In an effort to combat the rising number of collisions on Qatar’s roads, authorities are targeting some of the country’s youngest residents – long before they can legally climb behind the wheel of a car.
The 30th annual GCC Traffic Week kicked off yesterday at Darb Al Saai and includes several free activities such as children’s games, a traffic exhibition, field archery, a traffic village, a safe driving simulator and a desert rally for bicycles.
The hope is that instilling safe driving habits into younger passengers will rub off on their family members in the driver’s seat, officials say.
“We often tend to ignore kid’s role in accidents when they can actually help save their parents’ or siblings’ lives,” Ahmed Al Bakry, ambulance service operations manager, told Doha News.
Traffic safety and the number of vehicle collisions – which totaled nearly 400 in January – are a common concern for many residents.
While the dramatic rise in Qatar’s population and accompanying increase in the number of vehicles on the country’s roads is partially to blame, many residents argue that the reckless driving habits of a minority of motorists are causing too many preventable collisions.
Stricter enforcement and more education is the preferred solution for many, although some experts question the effectiveness of the latter strategy.
Adnan Hyder, a professor at the Johns Hopkins Bloomberg School of Public Health, told Doha News last December that formal education of young drivers isn’t effective at improving traffic safety.
In some cases, it may actually cause more harm than good by making drivers overconfident, he said, added he favored a graduated licensing system that incrementally increases a young motorist’s driving privileges.
However, authorities involved in GCC Traffic Week appear to be targeting residents at an even earlier age by, for example, running workshops to teach kindergarten and primary school students about safe traffic concepts, ideal driving and understanding traffic signals.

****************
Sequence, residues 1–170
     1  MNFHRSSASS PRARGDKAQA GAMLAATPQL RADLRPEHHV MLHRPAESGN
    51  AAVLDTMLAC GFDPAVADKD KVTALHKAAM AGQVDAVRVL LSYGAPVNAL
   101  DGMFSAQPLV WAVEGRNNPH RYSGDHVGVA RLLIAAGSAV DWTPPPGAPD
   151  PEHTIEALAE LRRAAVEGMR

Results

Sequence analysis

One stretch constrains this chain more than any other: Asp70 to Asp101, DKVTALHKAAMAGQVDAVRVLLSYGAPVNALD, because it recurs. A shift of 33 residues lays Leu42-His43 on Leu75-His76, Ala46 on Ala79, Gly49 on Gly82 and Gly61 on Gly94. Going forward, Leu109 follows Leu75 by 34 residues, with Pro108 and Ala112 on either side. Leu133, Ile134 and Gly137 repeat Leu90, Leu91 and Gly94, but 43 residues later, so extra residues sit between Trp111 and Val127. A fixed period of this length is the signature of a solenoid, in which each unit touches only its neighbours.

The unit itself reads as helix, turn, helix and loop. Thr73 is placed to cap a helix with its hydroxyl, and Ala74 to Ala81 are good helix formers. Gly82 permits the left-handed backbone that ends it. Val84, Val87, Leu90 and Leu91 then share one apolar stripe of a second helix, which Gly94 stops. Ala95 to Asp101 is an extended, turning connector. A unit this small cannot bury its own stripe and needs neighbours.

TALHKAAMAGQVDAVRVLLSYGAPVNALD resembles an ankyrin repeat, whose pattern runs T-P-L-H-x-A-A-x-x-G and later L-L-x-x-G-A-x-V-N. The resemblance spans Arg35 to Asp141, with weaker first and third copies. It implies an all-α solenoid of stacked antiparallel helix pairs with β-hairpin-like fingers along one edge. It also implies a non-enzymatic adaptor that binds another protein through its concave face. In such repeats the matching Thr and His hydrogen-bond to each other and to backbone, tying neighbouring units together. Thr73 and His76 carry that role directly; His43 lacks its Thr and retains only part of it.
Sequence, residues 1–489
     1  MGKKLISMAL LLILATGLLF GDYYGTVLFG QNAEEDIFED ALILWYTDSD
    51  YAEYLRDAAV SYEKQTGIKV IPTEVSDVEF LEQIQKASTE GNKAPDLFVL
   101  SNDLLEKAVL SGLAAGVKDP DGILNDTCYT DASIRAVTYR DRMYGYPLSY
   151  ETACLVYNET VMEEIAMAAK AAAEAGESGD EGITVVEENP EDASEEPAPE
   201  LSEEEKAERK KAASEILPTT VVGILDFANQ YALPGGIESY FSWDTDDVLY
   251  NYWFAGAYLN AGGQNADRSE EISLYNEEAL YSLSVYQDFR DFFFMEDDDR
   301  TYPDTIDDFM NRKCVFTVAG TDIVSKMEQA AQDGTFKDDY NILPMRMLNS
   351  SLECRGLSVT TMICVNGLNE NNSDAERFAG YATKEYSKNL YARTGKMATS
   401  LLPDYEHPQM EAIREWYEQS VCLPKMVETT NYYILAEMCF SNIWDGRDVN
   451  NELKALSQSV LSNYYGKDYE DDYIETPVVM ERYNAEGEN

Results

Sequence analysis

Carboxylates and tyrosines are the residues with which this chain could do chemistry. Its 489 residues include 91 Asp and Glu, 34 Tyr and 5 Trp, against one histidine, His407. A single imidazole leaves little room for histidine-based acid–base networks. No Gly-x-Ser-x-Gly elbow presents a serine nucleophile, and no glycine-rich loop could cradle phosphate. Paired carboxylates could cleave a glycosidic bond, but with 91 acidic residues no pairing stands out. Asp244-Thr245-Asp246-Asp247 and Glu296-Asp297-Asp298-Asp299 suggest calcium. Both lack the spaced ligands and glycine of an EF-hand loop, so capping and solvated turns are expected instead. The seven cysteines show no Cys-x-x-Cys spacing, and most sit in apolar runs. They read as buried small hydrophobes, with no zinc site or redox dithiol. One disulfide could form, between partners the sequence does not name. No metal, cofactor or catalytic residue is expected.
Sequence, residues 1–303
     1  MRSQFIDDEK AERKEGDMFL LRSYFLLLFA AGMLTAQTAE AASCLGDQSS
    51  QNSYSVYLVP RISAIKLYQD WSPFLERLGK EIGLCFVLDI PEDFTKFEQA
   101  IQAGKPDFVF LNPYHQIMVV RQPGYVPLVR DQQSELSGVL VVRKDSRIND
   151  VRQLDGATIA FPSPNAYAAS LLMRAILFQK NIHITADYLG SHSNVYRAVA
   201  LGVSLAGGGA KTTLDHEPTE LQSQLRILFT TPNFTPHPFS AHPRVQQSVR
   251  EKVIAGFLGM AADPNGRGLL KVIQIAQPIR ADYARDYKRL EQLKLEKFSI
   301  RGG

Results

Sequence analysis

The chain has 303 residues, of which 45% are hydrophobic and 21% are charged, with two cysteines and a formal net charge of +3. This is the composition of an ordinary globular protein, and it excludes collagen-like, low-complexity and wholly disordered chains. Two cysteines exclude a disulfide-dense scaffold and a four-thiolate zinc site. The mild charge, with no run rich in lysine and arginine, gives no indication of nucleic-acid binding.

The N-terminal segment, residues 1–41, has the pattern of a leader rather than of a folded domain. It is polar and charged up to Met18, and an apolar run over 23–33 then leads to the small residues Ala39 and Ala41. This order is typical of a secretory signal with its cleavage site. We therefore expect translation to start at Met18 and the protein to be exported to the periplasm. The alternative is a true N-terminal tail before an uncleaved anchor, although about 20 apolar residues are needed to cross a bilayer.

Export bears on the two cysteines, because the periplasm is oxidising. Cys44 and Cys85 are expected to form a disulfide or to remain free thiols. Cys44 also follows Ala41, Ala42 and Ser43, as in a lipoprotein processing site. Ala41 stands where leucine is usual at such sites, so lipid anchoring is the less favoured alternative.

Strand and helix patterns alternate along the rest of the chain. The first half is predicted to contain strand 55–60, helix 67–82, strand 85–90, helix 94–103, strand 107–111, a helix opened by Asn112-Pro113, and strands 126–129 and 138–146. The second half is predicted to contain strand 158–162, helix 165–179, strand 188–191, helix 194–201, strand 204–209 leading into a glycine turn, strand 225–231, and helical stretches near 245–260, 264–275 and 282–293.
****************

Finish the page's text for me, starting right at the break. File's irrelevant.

Additionally, the Traffic Department said it plans to launch traffic curriculums at four schools, with the intention of further extending such efforts to other schools in the future.
Many youth groups were slated to participate in this year’s events, including a team of boy scouts from Abu Obaida Independent School for Boys. They were accompanied by Mohamed Al Johari, a leader at Qatar Scouts and Guides Association, who said that this year’s traffic week aims to involve larger numbers of young students compared to last year.
“There are more workshops this year, increased participations from both school boys and girls,” he said.
While the country’s police presence is slated to increase later this year when a new special highway patrol force hits the road, officials are asking motorists to help them crack down on dangerous drivers.
Local transportation services provider Mowasalat used its booth at GCC Traffic Week to not only show the dangers of drinking and driving, but also to teach residents how to spot motorists that may be under the influence.
“It is essential for us to try and demonstrate all possible cases of dangerous driving so that regular citizens on the road know how to deal (with) and report them,” said Khalid Kafoud, Mowasalat’s corporate affairs and communication manager.
He added that anyone who sees “odd behavior” on the road should report it immediately by calling the police.
Know your location
While referencing major landmarks and intersections is a common way of giving directions for many Qatar residents, emergency service providers say that knowing one’s precise address can save the life of a loved one.
Over the past two years, the Ministry of Municipality and Urban Planning has been installing blue number plates that display zone and street numbers on buildings to serve as public addresses.
However, Al Bakry said many residents in Qatar remain unaware of their address and waste precious moments trying to direct paramedics to their location.
While it may be difficult given the circumstances, Al Bakry emphasized the importance of 999 callers remaining calm and answering all of the operator’s questions so the appropriate resources can be dispatched.
“Victims or their families who call us often make the mistake of panicking and stressing first, which means they lose time to tell us what’s really happening,” Al Bakry said.
“Most callers don’t understand the significance of these questions – They are for us to maximize our efforts to send the needed help accordingly.”
Do you plan to check out any GCC Traffic Week events? Thoughts?